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In this issue of Horizons we share several stories about communicating across cultures. Foreigners who come to Mongolia soon find out that even if they learn to speak Mongolian well, they still may not be able to communicate clearly.
Not only do all JCS’ers need to learn the Mongolian language and Mongolian culture, but many JCS’ers also find themselves working with people who are not from their home culture and who do not speak their mother tongue. The articles in this edition were written by people from 4 different countries (Germany, the Netherlands, Canada and Singapore/Malaysia). See if you can figure out which country goes with which article! This means that the challenges of cross-cultural communication for almost every JCS’er are not only to learn Mongolian culture, but also that of their fellow workers. And there is also a real challenge for the Mongolians whom we work with, as they seek to communicate and understand the diverse cultural backgrounds of different JCS’ers!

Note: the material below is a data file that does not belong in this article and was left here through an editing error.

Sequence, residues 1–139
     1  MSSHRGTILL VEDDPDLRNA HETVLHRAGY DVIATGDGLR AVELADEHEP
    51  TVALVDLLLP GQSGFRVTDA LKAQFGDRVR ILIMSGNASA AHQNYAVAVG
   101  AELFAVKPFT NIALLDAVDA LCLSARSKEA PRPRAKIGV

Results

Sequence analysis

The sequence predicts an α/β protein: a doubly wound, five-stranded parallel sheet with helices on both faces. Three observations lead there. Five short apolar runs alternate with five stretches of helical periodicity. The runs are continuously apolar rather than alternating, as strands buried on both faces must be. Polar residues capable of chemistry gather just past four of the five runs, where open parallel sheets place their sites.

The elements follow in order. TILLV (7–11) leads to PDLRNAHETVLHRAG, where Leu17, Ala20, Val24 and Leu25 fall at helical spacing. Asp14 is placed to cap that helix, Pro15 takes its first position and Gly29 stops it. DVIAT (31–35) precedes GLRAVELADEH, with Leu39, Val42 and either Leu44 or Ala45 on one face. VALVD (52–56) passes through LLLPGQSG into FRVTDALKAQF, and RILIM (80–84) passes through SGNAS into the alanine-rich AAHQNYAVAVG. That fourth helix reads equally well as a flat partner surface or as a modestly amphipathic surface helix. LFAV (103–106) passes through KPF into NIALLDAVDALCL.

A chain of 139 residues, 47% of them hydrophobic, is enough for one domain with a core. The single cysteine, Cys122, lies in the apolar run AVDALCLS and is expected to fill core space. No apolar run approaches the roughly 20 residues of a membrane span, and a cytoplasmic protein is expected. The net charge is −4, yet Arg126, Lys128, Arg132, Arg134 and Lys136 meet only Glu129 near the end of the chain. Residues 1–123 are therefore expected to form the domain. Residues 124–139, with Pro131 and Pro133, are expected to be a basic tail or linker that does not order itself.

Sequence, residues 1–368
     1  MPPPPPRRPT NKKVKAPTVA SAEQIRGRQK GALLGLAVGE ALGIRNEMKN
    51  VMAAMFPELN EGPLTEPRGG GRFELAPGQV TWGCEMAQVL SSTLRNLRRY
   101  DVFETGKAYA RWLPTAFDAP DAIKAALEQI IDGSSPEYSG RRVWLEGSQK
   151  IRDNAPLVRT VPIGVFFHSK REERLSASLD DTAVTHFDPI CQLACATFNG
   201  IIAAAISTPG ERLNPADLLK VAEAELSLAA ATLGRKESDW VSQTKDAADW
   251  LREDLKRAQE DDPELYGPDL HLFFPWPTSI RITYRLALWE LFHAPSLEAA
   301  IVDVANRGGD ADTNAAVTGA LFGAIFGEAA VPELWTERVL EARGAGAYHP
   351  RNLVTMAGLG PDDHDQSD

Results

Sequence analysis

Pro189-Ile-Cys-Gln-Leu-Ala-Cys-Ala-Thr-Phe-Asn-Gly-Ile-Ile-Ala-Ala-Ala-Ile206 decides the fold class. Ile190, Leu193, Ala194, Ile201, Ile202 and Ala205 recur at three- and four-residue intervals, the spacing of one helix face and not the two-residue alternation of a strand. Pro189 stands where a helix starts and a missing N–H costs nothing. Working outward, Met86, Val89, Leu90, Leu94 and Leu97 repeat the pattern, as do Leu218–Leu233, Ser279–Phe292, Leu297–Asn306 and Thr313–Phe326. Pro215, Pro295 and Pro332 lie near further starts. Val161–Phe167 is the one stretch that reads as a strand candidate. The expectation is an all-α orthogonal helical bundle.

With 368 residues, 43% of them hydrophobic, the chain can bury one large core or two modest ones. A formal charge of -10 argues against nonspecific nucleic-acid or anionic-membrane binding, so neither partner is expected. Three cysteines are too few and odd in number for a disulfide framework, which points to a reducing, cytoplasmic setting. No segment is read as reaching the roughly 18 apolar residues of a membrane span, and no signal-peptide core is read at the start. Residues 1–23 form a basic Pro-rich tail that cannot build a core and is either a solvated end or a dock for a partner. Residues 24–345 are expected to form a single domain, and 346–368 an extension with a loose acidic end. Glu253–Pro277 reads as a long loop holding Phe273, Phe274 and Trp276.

As Simon says at the end of his article “Cross-Cultural Miscommunication”, “I am still learning.” The joys of communication and challenges of miscommunication give us opportunities to work hard at learning from each other and forgiving each other when we don’t communicate well and misunderstandings occur. The uniqueness of the community that God is building through us is not that we are all of the same language, culture, race or tribe, but that by our working together we are weaving the tapestry of our cultures, races, languages and nations, which makes us all better humans in the one family of God.